An undetermined amount of untreated wastewater flowed into the Lewes-Rehoboth Canal Aug. 15, after clogs in sewer pumps forced Lewes Board of Public Works to temporarily shut down a lift station near the Savannah Road drawbridge.
BPW President Preston Lee said the lid of a cleanout near the Inn at Canal Square popped off about 4:30 p.m., Aug. 15, allowing wastewater to discharge onto the surface for six to eight hours. Some of it entered the canal, he said, and the Department of Natural Resources and Environmental Control was notified immediately.
Mayor Ted Becker, who owns the inn, estimates there’s a distance of 20 to 25 feet between the cleanout and the canal. He said the backup was limited to a courtyard area, and it did not impact operations of the inn. Some of the discharge entered the crawlspace of a hexagonal building along the canal, and a local waste company has already been there to clean the site, Becker said.
The spill was directly caused by problems at Lift Station 4, which pumps all wastewater from the town side of the canal to the treatment plant on American Legion Road. Lee said plant operator Inframark noticed an unusual sound coming from the pumps Aug. 13, which indicated a clog. When they realized they were unable to unclog the pump, they procured a backup bypass in the event the station’s secondary pump became overwhelmed.
Then about 1 a.m., Aug. 15, Inframark received an alarm that the secondary pump had also clogged. The bypass was installed and running by 3 a.m. While the pump station was down, wastewater was pumped into a truck from Clean Delaware to haul to the wastewater treatment plant. A few hours after the bypass was installed, the BPW’s wastewater system was back to normal operating levels, Lee said.
But, another issue occurred about 12:30 p.m., Aug. 15, when the bypass suffered a catastrophic failure. Another bypass pump was procured from Delmar, but was not operational until about 10:15 p.m. Trucks from Clean Delaware, Sussex County and the BPW were used from about 1 to 11 p.m. to pump out the system from Lift Stations 3 and 4 and take the material to the treatment plant while the second bypass was installed. It was during this time that the cleanout near Inn at Canal Square began leaking sewage.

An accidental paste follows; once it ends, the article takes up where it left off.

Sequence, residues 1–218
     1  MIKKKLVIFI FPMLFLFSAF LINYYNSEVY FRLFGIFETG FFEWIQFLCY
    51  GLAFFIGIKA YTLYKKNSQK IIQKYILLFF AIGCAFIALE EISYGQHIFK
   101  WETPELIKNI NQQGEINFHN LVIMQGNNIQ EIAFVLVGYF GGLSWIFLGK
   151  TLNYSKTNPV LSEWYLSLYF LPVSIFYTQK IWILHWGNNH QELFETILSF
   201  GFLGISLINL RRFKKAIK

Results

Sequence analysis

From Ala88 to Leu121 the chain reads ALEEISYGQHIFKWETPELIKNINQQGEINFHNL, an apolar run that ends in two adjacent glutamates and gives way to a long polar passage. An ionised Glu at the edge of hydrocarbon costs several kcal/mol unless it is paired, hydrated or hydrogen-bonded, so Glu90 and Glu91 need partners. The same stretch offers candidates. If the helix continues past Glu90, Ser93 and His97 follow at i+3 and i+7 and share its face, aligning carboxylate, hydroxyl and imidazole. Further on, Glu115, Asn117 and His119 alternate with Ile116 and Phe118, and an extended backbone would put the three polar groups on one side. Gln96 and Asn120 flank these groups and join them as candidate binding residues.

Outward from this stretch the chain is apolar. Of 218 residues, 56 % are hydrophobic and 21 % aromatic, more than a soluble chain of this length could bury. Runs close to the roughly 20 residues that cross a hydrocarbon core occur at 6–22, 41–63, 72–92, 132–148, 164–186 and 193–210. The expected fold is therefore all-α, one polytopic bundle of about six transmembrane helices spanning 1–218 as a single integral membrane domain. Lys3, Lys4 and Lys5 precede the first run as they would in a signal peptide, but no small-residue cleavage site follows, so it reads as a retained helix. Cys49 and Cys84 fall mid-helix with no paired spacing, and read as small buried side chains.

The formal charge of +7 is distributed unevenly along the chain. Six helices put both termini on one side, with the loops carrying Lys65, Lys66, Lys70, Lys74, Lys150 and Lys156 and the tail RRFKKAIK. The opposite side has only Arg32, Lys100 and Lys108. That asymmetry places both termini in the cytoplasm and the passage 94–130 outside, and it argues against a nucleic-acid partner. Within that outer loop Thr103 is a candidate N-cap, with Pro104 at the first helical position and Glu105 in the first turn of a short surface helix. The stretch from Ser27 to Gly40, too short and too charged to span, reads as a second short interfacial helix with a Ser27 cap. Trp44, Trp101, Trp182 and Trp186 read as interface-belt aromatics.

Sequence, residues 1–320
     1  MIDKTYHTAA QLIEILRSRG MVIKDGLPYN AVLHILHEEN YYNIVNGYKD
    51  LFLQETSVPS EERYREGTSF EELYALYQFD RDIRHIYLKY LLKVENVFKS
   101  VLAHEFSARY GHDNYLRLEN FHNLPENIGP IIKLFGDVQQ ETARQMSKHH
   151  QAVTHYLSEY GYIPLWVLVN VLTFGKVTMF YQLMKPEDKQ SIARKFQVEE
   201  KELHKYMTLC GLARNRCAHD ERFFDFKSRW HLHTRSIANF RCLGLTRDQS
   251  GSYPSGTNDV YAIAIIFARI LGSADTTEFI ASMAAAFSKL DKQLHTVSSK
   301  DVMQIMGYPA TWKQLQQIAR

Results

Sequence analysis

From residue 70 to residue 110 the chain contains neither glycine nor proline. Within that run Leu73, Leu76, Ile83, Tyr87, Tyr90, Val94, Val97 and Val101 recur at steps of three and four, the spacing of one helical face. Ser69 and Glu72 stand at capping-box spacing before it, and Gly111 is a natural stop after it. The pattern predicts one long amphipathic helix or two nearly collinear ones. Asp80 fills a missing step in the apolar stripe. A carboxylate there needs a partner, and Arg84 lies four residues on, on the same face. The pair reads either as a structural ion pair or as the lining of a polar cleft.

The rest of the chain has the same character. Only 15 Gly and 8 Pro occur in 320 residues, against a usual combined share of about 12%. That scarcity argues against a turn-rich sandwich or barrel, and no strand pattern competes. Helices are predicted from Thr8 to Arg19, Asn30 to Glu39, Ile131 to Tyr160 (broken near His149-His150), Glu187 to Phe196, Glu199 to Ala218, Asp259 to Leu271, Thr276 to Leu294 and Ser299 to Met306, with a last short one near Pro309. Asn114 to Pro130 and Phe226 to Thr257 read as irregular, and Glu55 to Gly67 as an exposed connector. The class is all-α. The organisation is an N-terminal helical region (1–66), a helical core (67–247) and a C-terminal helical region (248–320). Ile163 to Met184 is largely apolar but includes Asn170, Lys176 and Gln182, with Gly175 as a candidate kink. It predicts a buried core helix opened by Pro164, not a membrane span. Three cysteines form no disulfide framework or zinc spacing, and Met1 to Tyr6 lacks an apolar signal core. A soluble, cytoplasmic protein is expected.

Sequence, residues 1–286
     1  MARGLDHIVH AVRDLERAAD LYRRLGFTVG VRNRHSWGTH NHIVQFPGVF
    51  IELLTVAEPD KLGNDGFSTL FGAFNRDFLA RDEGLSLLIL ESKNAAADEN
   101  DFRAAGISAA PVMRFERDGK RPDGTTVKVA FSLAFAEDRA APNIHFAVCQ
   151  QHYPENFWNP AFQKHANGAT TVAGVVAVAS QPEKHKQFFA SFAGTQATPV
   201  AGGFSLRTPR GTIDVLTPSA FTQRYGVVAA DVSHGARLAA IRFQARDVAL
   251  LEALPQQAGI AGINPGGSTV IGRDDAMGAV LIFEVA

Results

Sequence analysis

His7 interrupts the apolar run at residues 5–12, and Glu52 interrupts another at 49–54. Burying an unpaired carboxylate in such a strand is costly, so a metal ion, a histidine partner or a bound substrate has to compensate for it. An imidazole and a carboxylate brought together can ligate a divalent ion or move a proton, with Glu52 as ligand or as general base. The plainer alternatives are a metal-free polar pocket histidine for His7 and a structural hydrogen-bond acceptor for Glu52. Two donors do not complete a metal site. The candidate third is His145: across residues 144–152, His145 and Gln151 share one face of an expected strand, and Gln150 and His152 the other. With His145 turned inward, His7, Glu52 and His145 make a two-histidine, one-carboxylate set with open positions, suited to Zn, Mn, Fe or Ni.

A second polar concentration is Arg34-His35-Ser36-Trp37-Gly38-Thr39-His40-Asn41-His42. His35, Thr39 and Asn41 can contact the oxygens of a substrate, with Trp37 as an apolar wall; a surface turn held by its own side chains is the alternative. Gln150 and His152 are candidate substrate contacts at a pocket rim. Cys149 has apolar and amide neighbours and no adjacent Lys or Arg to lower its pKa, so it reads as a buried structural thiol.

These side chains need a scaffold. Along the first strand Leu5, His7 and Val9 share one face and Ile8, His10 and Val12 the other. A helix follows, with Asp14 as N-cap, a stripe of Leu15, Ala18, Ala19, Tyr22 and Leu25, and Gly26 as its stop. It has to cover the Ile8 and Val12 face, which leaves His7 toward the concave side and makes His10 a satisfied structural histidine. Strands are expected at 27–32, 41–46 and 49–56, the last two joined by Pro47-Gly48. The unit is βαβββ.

The pumps in the lift station remain offline until they can be unclogged, which General Manager Austin Calaman estimates could be a few days.
“We shut the electric off to that building,” Calaman said. “We want to make sure none of the connections were compromised.”
BPW now has another bypass on standby if the current one fails. Calaman said the failure of the first bypass was an equipment problem, not anything to do with the BPW or its infrastructure. He said that was confirmed by a technician who inspected it after its failure.
Lee said the most likely cause of the clogs is unflushable materials being flushed, from wipes to syringes. He said those materials wreak havoc on sewer systems and wastewater treatment plants. For years, the BPW has attempted to increase public awareness on what’s flushable and what’s not, and Lee said they’ll have to again ramp up efforts.
“It’s a real problem,” he said. “We need to find ways to catch it. It really does have an impact.”